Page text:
Individuals may also experience withdrawal symptoms when they try to abstain from their drug of choice, such as feeling fatigued or anxious.
Addiction is one of the final stages in the cycle of substance misuse and is characterized by the inability to stop using a substance despite its harmful effects.
In this stage, an individual’s compulsive use of drugs or alcohol becomes a primary focus in life.
In most cases, addiction is a chronic and progressive disorder that requires professional help to manage.
The relapse stage of addiction is a difficult time for those affected. It can be a long and uphill battle to overcome this stage, but with the right support, it is possible.
During the relapse stage, there is an increased risk of returning to substance abuse or engaging in behaviors that are related to the addiction.
The Four Levels of Addiction
There are several ways that addiction can affect a person. These include the following:
How Does Addiction Affect a Person Physically?
Addiction affects the body physically in a number of ways. It can interfere with the brain’s reward system and lead to changes in areas that control judgment, decision-making, learning, memory, stress levels, and behavior.
Over time, these changes can result in physical consequences such as increased heart rate and blood pressure, stroke, or seizure.
Long-term addiction can also cause damage to organs, including the liver and heart.
In addition, the presence of drugs or alcohol in the body can lead to nutritional deficiencies that affect physical health.
How Does Addiction Affect a Person Emotionally?
Addiction can take a major toll on an individual’s emotional well-being. People who suffer from addiction often experience feelings of guilt, shame, sadness, and depression.
Being addicted to something can make it hard for the person to engage in healthy relationships, as the compulsion to use may become more important than maintaining relationships with family and friends.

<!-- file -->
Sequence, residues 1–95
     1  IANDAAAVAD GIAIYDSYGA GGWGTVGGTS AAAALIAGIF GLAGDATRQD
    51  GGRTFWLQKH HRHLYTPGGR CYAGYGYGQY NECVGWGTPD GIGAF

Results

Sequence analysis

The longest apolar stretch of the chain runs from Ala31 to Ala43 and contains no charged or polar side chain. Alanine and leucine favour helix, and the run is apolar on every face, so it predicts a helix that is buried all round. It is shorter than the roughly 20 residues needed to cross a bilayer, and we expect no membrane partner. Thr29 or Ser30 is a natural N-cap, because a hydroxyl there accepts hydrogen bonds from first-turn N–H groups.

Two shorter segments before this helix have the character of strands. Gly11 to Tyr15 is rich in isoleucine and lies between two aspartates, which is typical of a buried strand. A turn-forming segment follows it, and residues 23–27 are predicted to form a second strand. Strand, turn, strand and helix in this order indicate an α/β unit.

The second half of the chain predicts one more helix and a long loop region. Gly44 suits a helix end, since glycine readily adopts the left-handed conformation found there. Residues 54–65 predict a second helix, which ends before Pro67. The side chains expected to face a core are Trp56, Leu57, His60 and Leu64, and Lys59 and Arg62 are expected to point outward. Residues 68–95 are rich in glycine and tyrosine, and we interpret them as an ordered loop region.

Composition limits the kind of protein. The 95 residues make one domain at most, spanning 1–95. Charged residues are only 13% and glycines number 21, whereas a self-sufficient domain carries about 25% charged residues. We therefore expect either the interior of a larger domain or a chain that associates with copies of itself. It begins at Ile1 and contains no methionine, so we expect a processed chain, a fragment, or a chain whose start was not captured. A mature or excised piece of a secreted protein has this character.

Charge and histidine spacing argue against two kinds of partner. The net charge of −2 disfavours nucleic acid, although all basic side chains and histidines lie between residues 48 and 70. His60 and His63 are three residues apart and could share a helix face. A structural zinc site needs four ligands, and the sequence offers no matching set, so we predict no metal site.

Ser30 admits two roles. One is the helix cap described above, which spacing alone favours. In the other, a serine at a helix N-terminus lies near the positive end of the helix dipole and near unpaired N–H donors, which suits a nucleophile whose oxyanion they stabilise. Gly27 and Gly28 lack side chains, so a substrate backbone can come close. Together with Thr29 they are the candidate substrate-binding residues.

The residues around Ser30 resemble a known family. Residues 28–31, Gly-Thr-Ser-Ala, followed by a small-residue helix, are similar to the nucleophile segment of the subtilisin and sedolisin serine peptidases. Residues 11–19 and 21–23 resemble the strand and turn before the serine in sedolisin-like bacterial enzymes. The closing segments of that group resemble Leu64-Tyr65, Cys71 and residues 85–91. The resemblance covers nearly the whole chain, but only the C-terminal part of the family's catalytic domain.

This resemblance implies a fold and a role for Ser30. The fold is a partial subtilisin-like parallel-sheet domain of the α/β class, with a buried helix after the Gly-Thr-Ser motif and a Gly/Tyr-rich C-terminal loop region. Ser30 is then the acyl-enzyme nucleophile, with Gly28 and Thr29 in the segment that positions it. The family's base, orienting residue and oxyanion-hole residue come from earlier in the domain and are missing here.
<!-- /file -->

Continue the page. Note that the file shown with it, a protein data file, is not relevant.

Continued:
How Does Addiction Affect a Person Mentally?
Addiction has a profound physical and mental impact on those affected by it. Physically, substance abuse can damage organs, weaken the immune system, and cause heart problems, liver diseases, lung complications, and many other serious health issues.
Mentally, addiction can lead to changes in brain chemistry that interfere with an individual’s ability to think clearly, make decisions, and feel emotions.
These changes can lead to depression, anxiety, mood swings, personality disorders, memory problems, and even psychosis.
How Does Addiction Affect a Person Spiritually?
Addiction can have a powerful impact on a person’s spiritual life. The physical and psychological symptoms of addiction can take their toll, leading to feelings of guilt, shame, and worthlessness.
As the addict continues to engage in destructive behaviors, they may begin to feel disconnected from themselves, loved ones, and any sense of spirituality or faith.
Break the Cycle of Addiction Today
Everybody who struggles with addiction has their own background and unique experiences. The cycle of addiction isn’t impossible to break. Get the help you need today.
Written by Micah Drum
Micah Drum attended Palm Beach Atlantic University where he studied Leadership and minored in Communications.
He’s been writing content for substance use disorder and mental health treatment for 3 years.